The difference between “self publishing” and a “self publishing company”

I would like to address a point of contention and misunderstanding facing the author-supported self-publishing industry today, and that is the chasm between “self-publishing” and “self-publishing companies” or what some call “vanity” publishing.  Authors who have traditionally published books or independently published their own books by doing all the work themselves often denounce “self-publishing companies” as either “vanity” publishers if they’re being nice, or “scams” if they’re feeling particularly hostile.   Neither term is accurate; although I can appreciate their point of view–they’ve worked hard to accomplish something that self-publishing companies make relatively easy, so you can’t blame them for being mad.   

Ultimately, much of the confusion comes down to semantics, and a misunderstanding of what differentiates “self-publishing” from a “self-publishing company.”  I imagine “self-publishing companies” may use the term “self-publishing” in their marketing efforts, not to anger independent self-publishers, but rather to SET THE EXPECTATIONS of their own authors.   

By labeling services as “self-publishing” there is an attempt to make it clear to the authors who use such services that their success rests largely on their own shoulders, just as it does for authors who independently self-publish. The difference is that with self-publishing companies, instead of incurring the time and effort of establishing a DBA or LLC or C-Corp or S-Corp or sole-proprietorship with the state, reviewing cover designers, seeking interior formatters, getting bids from printers, acquiring ISBNs, dealing with Ingram, dealing with fulfillment, dealing with returns, dealing with accounts receivables, dealing with taxes, etc., etc., etc., the author is incurring a service charge and having all those details taken care of for them. It’s not right for everyone, but it is right for a lot of people.

There are a growing number of companies in the “self publishing” industry.  And why not? As the traditional publishing industry continues to struggle, the self-publishing industry is growing at a steady pace and is earning more respectability daily.  The internet has made it possible for anyone to sell a book globally (on sites like Amazon and Barnes & Noble) and has also improved the book marketing reach of authors who leverage popular sites like YouTube and twitter. 

Very soon, traditional and bestselling authors with established names (Stephen King, Stephanie Meyer, etc.) will realize they no longer need traditional publishers and will turn to “self publishing companies” for a greater stake of the profits.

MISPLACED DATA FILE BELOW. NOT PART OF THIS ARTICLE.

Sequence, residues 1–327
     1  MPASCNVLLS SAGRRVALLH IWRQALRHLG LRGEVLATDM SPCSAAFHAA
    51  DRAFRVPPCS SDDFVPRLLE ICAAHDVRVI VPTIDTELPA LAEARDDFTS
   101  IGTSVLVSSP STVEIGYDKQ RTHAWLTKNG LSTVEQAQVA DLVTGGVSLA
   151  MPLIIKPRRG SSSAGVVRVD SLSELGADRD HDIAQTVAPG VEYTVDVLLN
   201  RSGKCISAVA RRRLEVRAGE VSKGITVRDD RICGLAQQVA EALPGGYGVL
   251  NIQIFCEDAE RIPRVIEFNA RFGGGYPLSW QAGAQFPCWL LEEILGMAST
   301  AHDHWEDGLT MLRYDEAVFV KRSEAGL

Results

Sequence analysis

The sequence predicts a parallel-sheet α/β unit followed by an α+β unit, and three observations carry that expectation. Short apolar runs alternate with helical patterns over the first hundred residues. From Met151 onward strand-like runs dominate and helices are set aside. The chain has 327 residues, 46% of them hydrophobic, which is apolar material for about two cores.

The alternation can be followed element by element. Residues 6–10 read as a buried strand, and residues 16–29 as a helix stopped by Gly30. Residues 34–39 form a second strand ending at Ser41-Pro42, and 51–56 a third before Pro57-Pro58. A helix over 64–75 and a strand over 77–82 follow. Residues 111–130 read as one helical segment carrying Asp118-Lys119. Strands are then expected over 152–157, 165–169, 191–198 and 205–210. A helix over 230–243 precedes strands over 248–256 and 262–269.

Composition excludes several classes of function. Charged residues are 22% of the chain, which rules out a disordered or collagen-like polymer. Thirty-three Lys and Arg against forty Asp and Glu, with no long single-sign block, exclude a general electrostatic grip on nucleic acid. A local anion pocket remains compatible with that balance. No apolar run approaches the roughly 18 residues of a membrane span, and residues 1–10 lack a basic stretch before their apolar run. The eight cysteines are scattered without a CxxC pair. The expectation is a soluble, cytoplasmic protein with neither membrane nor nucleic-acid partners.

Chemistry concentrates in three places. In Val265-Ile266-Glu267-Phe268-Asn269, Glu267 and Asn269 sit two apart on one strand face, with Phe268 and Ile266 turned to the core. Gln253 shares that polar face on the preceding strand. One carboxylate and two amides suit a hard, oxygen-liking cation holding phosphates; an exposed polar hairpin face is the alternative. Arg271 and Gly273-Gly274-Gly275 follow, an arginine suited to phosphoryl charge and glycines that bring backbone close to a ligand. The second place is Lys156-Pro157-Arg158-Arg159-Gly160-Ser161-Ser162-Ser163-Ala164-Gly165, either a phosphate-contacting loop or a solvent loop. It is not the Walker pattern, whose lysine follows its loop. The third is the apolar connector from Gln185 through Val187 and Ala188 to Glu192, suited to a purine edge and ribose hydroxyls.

“Self-publishing companies” are service companies who provide valuable (and convenient) services to writers for a fee. This is no different from any other service industry.  For example, I can either choose to do my own taxes, or I can pay H&R Block to do them for me.  I can either build my own house, or I can buy one that has been built by professionals, so I’m confident it won’t fall apart.  I can either milk my own cow, or I can go to 7-11 and buy a gallon of milk that is ready to drink.  Are people surprised that 7-11 charges money for milk? Do they get upset that 7-11 charges more money for a gallon of milk than King Soopers does?  Rational people realize that convenience costs money and that industry know-how costs money.   To suggest that a company cannot help you self-publish is like saying H&R Block cannot help you do your personal taxes. 

Do I really want to spend my valuable time doing taxes, building a house or milking a cow–all of which first requires me to LEARN how to properly do all those things?  Or would I rather calculate my own hourly rate and determine that it is more cost-effective to pay an expert to do it for me so I can spend my time doing things that are more important to me–like going to work and spending time with my family?   Self-publishing companies don’t do anything that someone who is very motivated cannot do themselves with a lot of industry knowledge, effort, resources, time, and money.   But much like doing taxes, building a house, and yes, even milking a cow, what seems easy at first is actually more complicated than you might expect — I would imagine. Personally, I don’t do my own taxes, build my own homes, OR milk cows for my own milk.  Like most people, I pay professionals to do all those things for me.

For those authors out there who have already invested their time and energy on the steep learning curve that is “self-publishing,” naturally they don’t see the benefit of using a “self-publishing company.”   But most people have better things to do, or at least, their interests lie elsewhere — most people just want to be published authors, not publishers.   

You know what they say about the lawyer who represents himself, or the doctor who has herself as a patient, right?  The same could be said for most authors. Sure, there are exceptions, but the services of “self publishing companies” are intended for the majority of writers, entrepreneurs and professionals out there who would find value in having a published book, but also value their time enough to let the professionals do it for them. And there’s nothing wrong with that.  What is wrong is wanting desperately to be published and not doing anything about it — out of fear of failure or fear of someone else telling you that you made “a wrong choice.”  The only truly wrong choice is not doing anything.  As Wayne Gretzky says, “You miss 100% of the shots you don’t take.”